Raytheon to Supply APG-73 Radar Spares for the F/A-18C/D Hornets
Raytheon Co. in El Segundo, CA received a maximum $48.7 million firm-fixed-price sole-source contract for spare AN/APG-73 radar systems and parts for the U.S. Navy F/A-18C/D Hornet fighter aircraft. Raytheon will perform the work in California, Massachusettes, Mississippi and Texas. There was originally 1 proposal solicited with 1 response. The date of performance completion is July 2012. Defense Logistics Agency Procurement Operations in Philadelphia, PA manages the contract (N00383-07-G-700H-TBD).
The AGP-73 radar is still in wide use, hence the radar’s Phase II upgrades. It’s being replaced in newer planes by the next-generation AN/APG-79 AESA…
The APG-73 is an all-weather, multimode, multiwaveform search-and-track sensor that uses programmable digital processors needed for both air-to-air and air-to-surface missions. It is an upgrade of the AN/APG-65 that provides higher throughput and greater memory. The APG-65 equipped original F/A-18 Hornet fighters, and still serves in that capacity with some air forces.
The most modern APG-73 Phase II upgrade incorporates a motion-sensing subsystem with reconnaissance software, a stretch waveform generator module, and a special test equipment instrumentation and reconnaissance module. With these enhancements, the F/A-18 aircraft have the hardware capability to make high-resolution radar ground maps comparable with those of the F-15E and the U-2 aircraft, and be able to perform precision strike missions using advanced image correlation algorithms.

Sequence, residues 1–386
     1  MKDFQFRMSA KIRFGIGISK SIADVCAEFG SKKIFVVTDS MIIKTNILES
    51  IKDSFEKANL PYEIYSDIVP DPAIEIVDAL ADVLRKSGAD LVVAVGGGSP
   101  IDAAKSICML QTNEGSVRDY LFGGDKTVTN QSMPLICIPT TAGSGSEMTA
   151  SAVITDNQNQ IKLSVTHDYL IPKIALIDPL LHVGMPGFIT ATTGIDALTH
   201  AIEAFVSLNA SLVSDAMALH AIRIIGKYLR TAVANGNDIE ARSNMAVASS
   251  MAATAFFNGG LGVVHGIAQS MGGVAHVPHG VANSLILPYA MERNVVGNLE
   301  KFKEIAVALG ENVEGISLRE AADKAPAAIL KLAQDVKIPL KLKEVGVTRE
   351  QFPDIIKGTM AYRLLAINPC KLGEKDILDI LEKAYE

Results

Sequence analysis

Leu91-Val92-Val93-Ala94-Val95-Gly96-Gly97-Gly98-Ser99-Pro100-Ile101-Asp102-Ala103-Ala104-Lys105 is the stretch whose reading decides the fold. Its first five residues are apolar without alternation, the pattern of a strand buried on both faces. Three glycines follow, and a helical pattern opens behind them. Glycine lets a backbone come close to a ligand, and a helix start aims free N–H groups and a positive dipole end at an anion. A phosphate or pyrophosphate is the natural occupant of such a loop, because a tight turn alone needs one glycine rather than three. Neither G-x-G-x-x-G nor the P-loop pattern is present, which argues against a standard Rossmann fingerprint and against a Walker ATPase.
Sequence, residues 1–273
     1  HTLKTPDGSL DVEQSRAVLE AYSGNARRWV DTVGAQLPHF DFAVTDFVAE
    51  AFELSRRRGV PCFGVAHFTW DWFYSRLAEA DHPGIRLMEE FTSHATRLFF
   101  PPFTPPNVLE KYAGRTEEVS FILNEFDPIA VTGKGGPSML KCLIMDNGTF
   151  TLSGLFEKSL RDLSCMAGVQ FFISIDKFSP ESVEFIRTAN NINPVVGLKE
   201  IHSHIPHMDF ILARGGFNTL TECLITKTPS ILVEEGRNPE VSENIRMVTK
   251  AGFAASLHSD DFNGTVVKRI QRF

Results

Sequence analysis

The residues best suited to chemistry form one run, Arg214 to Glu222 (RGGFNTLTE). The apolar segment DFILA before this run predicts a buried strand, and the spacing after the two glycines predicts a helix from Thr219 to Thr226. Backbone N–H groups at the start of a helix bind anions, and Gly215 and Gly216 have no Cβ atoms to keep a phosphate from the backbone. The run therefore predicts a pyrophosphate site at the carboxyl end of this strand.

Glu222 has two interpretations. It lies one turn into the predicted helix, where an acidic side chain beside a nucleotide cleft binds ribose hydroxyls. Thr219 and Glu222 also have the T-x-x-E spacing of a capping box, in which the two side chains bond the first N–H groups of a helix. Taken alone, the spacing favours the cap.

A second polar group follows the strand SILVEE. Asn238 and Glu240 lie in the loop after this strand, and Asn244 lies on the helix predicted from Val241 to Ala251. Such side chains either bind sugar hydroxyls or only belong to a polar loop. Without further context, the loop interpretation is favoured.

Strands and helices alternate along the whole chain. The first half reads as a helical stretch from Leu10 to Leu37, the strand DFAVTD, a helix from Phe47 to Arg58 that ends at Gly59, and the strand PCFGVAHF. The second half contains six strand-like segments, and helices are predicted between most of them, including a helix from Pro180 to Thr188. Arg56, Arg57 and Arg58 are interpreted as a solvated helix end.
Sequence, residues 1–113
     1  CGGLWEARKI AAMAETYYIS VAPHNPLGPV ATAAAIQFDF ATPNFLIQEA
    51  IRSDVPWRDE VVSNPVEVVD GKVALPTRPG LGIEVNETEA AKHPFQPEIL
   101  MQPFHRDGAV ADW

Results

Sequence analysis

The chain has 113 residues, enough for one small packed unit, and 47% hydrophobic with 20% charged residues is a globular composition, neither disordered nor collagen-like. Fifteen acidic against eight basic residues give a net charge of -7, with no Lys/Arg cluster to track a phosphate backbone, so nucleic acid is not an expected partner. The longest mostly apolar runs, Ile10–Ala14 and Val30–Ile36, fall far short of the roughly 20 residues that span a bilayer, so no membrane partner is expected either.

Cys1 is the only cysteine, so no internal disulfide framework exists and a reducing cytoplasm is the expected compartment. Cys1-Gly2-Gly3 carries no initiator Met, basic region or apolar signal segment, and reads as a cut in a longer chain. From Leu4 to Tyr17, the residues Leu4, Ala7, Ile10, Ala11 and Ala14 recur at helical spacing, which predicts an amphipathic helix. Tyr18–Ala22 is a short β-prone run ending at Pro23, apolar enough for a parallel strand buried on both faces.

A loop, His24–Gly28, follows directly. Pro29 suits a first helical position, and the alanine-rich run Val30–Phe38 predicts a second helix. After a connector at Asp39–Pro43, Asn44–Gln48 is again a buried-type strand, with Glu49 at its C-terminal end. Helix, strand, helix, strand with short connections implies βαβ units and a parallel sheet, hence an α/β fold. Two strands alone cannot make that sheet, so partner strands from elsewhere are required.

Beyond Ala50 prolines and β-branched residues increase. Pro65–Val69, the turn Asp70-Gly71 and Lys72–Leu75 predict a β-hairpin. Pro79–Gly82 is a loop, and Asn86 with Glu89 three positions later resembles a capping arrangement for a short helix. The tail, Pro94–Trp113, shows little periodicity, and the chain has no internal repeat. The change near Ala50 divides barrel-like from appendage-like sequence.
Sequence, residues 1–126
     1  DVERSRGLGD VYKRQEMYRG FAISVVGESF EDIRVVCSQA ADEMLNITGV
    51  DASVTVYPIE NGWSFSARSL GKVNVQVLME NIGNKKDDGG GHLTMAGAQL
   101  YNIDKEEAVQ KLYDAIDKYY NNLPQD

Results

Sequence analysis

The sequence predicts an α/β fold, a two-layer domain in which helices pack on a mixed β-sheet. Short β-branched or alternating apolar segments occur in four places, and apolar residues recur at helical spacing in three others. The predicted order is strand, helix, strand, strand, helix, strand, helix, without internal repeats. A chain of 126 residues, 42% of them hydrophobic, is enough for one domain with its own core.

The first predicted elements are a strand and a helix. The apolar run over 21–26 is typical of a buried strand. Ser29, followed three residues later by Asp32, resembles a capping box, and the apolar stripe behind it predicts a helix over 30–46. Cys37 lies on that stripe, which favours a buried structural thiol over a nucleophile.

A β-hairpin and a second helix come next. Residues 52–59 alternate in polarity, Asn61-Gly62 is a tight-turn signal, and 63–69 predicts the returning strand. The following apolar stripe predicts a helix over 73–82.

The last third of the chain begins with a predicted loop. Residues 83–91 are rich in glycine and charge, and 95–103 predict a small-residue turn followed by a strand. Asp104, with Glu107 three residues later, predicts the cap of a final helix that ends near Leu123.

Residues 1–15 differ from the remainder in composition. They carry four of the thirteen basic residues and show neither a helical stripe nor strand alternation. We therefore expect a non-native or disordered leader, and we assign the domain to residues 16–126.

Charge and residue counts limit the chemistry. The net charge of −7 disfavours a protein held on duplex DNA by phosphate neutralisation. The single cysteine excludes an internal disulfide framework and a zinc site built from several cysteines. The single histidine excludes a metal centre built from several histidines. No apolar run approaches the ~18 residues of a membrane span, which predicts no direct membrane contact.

Raytheon lists the APG-73 as operational in U.S. Navy F/A-18 C/D Hornets and E/F Super Hornets; U.S. Marine Corps F/A-18 A+, C and Ds; upgraded F/A-18 A/Bs flown by Australia and Canada; and in the F/A-18 C/Ds flown by Finland, Malaysia, and Switzerland.
For the F/A-18E/F Super Hornets, the Navy is introducing the next generation AGP-79 Active Electronically Scanned Array (AESA)radar. Production planes now ship with the APG-79, and older aircraft are being retrofitted. Unlike the “mechanically scanned” APG-73, the APG-79’s AESA array is composed of solid-state transmit and receive modules that are fixed in place, eliminating a common cause of breakdowns and providing numerous other advantages. Other system components include an advanced receiver/exciter, ruggedized commercial-off-the-shelf (COTS) processor, and power supplies. With its novel structure, it changes what the aircrew can do with the radar – and does so in a smaller, lighter package.
“APG-79 AESA Radars for Super Hornets” has an in-depth examination of the APG-79 radar.